Cracking Open New Customers: Caveat Emptor 2.0
Caveat Emptor was all about putting the emphasis on the customer to check the offer. I think the tables have turned. It’s about time we, the product vendors, checked out the “would-be” buyers. Buyers is a generous term these days. Many of them will never pay a dime. Many only contribute to creating the content of our products. As product people. we often think more about the product than the customer. I’m arguing it’s not buyer beware, but beware, buyer!
New Customers Trump New Products, that’s the premise of this post.
We’re too quick to focus on our new product features and not the new would-be buyers (and the ones that got away). Or the one that stayed 5 minutes, got confused and left. Fremium models only work when you scale really well, when your experience is effortless. That’s really hard to achieve. If you are losing beginner level customers you will never hit your stride. Your lofty visions will remain a far off dream.
What’s Missing? What’s causing Friction?
Marketing folk quickly know too much to be helpful. We lose our innocence. New Customers offer a unique window into our innocence. That’s why new customers trump new products/features. We think more about what’s next and our product roadmap than what a new customer needs. Have your ever got too excited about a new feature? New features rarely have their planned impact. What has more impact is really explaining an existing feature to a new customer.
Shiny & New
Marketing people love new features and they shouldn’t. They should love new customers more. New Customers have an ability to remind us of the basics and to ground our communications.
I believe, we all want our customers to be more advanced. More capable. More desiring. We project this wish via our proposition. Have you done this? I have! We think about where we are going – our vision. We forget where our customer are. We forget to put ourselves in our customers shoes. We think of out most advanced customer and we think about what they need. It’s totally self serving because we know our own story and advanced stuff is more interesting.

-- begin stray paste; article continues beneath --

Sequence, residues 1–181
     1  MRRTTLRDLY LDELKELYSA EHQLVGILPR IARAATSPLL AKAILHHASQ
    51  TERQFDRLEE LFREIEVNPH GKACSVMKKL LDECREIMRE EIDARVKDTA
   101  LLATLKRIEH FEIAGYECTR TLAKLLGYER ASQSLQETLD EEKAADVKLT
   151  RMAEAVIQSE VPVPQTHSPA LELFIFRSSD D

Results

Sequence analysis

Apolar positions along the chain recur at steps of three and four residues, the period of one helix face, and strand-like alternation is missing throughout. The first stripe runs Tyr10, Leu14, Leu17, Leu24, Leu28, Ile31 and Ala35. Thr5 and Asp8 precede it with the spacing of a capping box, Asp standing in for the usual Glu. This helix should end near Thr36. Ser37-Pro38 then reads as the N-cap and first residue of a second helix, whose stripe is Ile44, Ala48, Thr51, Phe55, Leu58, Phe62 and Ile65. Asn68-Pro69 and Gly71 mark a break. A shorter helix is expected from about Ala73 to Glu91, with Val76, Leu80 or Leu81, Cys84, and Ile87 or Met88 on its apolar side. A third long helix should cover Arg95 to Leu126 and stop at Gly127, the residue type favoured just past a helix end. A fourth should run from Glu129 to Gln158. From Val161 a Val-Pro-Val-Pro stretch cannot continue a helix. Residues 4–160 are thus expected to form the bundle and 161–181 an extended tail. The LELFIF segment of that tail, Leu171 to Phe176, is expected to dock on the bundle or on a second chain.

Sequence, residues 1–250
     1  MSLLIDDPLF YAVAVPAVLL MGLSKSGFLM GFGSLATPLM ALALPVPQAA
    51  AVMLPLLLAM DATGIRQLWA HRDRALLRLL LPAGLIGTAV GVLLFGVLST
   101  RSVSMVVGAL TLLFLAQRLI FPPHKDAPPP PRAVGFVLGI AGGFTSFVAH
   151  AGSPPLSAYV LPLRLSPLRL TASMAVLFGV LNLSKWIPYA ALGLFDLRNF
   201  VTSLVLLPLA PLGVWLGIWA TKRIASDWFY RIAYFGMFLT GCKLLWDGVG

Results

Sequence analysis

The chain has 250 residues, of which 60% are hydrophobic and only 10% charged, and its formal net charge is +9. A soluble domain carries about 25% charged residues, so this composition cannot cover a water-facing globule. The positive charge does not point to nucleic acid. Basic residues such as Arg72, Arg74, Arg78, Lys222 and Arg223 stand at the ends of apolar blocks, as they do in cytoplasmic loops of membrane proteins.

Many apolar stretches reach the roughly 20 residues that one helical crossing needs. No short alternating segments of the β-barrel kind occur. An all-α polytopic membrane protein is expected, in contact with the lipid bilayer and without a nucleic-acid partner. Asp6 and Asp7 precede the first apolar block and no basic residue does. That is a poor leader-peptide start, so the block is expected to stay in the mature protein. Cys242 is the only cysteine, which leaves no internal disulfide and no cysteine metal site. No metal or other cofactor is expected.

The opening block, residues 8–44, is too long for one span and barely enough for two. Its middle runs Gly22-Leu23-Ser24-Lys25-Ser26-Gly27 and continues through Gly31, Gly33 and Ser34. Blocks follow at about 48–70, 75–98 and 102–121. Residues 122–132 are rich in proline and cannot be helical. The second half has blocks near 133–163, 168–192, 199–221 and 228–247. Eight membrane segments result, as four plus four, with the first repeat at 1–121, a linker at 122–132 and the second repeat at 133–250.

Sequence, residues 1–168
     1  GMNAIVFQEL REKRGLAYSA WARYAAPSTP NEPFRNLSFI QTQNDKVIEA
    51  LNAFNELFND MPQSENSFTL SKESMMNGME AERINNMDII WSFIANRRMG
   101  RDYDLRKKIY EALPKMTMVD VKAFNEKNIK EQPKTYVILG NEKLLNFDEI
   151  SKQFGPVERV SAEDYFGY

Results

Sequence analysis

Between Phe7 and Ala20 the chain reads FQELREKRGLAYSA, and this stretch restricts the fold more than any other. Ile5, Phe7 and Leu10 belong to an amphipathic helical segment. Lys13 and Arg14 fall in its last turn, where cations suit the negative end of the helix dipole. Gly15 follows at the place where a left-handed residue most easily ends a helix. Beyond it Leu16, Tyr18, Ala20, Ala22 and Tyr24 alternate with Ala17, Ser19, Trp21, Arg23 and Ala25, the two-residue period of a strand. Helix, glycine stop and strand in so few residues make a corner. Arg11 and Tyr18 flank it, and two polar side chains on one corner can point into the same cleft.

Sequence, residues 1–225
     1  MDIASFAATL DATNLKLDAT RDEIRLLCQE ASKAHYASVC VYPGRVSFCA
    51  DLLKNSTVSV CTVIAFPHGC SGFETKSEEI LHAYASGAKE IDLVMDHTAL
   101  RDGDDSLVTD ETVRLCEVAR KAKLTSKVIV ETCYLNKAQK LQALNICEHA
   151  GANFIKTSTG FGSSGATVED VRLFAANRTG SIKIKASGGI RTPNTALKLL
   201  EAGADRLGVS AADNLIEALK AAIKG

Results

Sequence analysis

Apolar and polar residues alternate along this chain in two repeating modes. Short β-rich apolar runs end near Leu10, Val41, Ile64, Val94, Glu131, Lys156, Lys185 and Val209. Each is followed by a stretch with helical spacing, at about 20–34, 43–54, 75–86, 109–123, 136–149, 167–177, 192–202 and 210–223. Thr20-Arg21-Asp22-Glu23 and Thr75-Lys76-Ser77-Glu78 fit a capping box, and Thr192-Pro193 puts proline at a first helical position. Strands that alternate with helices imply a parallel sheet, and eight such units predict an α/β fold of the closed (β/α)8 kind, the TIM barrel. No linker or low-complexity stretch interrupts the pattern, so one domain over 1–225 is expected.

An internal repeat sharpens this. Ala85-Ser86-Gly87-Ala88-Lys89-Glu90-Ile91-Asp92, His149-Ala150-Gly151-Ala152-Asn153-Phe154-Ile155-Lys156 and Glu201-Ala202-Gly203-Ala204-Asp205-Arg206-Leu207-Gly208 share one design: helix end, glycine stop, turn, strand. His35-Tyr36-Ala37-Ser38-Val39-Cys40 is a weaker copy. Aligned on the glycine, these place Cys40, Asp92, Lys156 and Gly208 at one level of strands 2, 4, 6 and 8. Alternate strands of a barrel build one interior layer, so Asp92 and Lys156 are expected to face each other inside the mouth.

The Big Takeaway
Making your offering more appealing to new customers often means taking things away. This means making your product more accessible. This also means those high end features become even more high end. Low hanging fruit is often lower down. They need less. They find the existing products complex. Most of marketing’s effort should be on serving the new customer, the beginner. Talk to the lurkers and the undecided and include them in your conversations. The educated or advanced customers will dig and hunt for information because they already care. I’m not saying make it harder for them, I’m saying make it easier for new customers to get to that point (and for them to care too).
Who Are the Vocal Ones?
Existing customers are more likely to be vocal, but their needs will drive to more complex problems. I’m not suggesting you don’t answer those needs, but I’m cautioning you to think about the newbies, because don’t have a strong voice. Newbies don’t know what questions to ask. Newbies maybe don’t know why they need you. It’s your job to simplify and educate and bring new customer with you on your journey.
Newbies don’t know what they need. Newbies don’t know what they don’t know. You do. That’s your job. We forget to self-check and validate what customers needs to know next.
So go ask a newbie. Try it today.
Image Credit :Nina Matthews Photography via Flickr.com and Creative Commons